Children and Unsecured Personal Loans, Saving and Money
The world of finance is changing
Unsecured personal loans saved a hefty portion of consumers throughout the 2008-2009 recession. Many people who believed that they were safe financially got a wake up call when the economy took a turn for the worse. They realized that financial tools they used in the past quickly became irrelevant. Lenders closed their doors to everyone except their premiere customers. Home values declined severely putting people in even more debt. It was a difficult time and it is first now that consumers are seeing some hope that the market will return to normal. One thing that many people recognized, however, was the need to educate themselves and their children on how to manage money. With an unstable economy, it’s imperative for people to be ready with tools to manage and pass those tools onto the next generation of consumers.
Things to teach children regarding money
The next generation of savers and investors need to be taught the general rules of managing money. It’s no doubt that the global market is shifting and it will be critical for young people to be able to make wise decisions. Here are some tips to follow:
1) Educate children on the value of the dollar. When children are in school they learn about reading, writing, and arithmetic. Most of their schooling is centered on the basics of maneuvering value, but unless they delve deeper into the field of finance when they get older, that’s the only education they will get on the topic. “It’s sad how we teach children about binomial functions, something few will ever carry into their adult lives, but neglect finance, something they will need every day for the rest of their lives,” said Mike Mooney, of BankRate.com. It’s up to parents to education children on life’s fiscal challenges.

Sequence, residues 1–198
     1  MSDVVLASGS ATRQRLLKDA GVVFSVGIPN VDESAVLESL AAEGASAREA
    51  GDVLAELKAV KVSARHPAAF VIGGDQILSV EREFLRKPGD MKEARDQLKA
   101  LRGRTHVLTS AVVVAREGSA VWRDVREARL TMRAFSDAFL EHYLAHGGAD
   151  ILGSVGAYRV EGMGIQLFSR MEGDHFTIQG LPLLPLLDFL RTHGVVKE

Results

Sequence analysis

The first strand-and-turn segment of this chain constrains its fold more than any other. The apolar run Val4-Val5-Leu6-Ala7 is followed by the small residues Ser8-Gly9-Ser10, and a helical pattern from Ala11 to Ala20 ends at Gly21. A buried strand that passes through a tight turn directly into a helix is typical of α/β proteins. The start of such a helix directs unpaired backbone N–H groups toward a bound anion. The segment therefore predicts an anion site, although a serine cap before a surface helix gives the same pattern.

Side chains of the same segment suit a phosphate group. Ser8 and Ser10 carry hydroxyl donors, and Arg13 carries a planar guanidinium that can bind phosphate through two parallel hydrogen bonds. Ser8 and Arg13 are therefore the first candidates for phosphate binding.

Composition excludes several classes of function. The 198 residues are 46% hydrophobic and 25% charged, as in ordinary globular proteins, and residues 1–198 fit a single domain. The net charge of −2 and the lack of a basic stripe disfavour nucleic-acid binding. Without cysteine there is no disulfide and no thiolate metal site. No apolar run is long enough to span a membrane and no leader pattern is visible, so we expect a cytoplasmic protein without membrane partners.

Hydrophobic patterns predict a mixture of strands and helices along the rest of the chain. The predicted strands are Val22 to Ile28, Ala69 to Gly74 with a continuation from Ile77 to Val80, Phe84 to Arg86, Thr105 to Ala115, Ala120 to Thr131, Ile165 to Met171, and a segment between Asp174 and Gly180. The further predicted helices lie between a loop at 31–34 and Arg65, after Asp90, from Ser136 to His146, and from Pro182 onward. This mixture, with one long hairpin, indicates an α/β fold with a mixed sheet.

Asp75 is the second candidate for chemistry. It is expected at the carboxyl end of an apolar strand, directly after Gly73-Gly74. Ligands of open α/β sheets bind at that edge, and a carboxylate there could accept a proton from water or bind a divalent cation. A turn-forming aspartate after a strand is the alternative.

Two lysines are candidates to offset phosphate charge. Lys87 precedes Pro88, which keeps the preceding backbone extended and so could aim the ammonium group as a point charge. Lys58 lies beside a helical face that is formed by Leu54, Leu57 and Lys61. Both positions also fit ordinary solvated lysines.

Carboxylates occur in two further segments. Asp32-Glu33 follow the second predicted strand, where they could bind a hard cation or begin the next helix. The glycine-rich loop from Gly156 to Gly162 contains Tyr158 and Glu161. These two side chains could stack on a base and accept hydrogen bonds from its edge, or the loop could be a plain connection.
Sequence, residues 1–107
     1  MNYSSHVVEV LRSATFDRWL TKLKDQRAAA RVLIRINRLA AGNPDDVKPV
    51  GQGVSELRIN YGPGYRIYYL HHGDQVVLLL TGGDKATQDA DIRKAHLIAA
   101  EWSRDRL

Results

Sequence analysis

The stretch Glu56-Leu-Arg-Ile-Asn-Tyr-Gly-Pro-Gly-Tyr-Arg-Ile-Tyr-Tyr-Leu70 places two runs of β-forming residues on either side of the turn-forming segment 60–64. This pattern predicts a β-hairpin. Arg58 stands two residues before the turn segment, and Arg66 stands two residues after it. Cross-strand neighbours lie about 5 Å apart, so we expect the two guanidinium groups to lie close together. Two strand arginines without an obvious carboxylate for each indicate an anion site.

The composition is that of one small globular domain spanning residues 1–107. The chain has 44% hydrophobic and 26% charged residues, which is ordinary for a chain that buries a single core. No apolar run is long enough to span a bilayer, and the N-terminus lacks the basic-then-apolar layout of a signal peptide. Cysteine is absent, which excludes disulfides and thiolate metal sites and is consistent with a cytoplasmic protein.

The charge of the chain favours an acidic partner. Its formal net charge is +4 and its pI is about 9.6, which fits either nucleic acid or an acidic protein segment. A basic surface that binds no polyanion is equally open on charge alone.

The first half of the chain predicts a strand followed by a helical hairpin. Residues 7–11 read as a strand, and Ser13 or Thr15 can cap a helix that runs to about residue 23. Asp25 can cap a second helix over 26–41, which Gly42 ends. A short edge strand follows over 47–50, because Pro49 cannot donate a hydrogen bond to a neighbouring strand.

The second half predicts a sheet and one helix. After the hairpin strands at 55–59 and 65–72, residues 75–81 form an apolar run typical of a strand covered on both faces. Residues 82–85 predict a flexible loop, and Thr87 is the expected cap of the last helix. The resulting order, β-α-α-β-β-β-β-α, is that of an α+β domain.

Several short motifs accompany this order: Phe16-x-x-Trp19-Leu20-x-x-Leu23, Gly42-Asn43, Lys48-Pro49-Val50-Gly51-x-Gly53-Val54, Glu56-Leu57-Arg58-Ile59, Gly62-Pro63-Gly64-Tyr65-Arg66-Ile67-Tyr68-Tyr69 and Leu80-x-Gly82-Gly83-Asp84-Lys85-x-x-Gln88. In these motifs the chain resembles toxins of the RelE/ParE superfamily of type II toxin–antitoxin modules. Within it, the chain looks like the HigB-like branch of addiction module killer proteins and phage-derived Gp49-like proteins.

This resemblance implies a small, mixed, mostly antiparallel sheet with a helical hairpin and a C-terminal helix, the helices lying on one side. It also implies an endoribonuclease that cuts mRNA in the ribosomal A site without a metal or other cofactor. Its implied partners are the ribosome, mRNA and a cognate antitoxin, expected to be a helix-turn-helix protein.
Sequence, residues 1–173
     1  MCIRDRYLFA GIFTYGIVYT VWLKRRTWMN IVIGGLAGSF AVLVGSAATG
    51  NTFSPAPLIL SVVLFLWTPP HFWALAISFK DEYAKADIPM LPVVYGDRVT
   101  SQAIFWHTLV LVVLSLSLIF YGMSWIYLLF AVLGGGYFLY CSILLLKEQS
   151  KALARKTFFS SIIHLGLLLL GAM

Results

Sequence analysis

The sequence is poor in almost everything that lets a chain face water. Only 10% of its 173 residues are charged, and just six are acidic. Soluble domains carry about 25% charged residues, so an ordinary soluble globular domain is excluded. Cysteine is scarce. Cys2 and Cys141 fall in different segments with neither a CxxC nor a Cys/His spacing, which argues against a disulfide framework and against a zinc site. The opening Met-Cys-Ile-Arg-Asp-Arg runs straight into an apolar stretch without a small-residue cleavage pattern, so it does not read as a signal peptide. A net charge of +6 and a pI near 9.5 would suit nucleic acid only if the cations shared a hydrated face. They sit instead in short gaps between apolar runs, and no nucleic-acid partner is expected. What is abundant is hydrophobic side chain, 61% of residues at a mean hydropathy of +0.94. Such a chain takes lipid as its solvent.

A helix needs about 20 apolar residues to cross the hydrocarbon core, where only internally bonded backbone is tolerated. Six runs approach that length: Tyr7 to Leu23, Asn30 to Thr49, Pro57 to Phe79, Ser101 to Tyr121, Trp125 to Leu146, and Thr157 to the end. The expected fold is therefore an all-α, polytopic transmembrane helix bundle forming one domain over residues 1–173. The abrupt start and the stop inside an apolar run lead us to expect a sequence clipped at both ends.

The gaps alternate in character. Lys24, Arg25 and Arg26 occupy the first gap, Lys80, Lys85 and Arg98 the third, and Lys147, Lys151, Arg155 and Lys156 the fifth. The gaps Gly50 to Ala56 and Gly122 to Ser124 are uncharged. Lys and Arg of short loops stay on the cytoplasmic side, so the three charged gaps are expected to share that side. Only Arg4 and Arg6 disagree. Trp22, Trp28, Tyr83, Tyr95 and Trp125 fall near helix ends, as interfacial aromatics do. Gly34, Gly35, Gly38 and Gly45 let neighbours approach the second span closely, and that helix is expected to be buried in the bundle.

2) The sooner the better. Anyone who has seen a retirement savings schedule knows how time is key to maximizing money. If children can be taught that value of saving, they can also be taught the value of starting a savings account early. Mooney also said, “Children need to be taught to develop strong saving habits, learn how to make smart purchases, begin to understand the true meaning of ‘investment’ and why delayed gratification is number one when it comes to money.” Education should begin with simple topics like how to save, but then move on to more complex issues as a child ages. Things like payday loans, car loans and investments need to be addressed when children are ready.
3) Mom, dad, and money. Most children think that money comes from their parents. It isn’t until they push too far with buying that they get an explanation of the hard work involved in earning money. It’s best to teach children right away that work means compensation. Small chores are the best way to teach value. As a child grows, bigger compensations can be given for bigger responsibilities.
4) Saving is exciting. One of the best tools to use is teaching children that saving money is a good thing. Piggy banks, shoe boxes and all the old tools are the most appropriate for young children. Older children and young teens can use bank accounts to be introduced to financial institutions and how they work.
Making sense of money
Mixing money with a recession is a formula for financial confusion. No one knows the future or what the economy will be like when today’s children are adults. It’s best to teach children from the beginning about saving, investing, unsecured personal loans, mortgage loans, stocks, and credit. Taking their training step by step as they age is the easiest way to empower them financially for the future.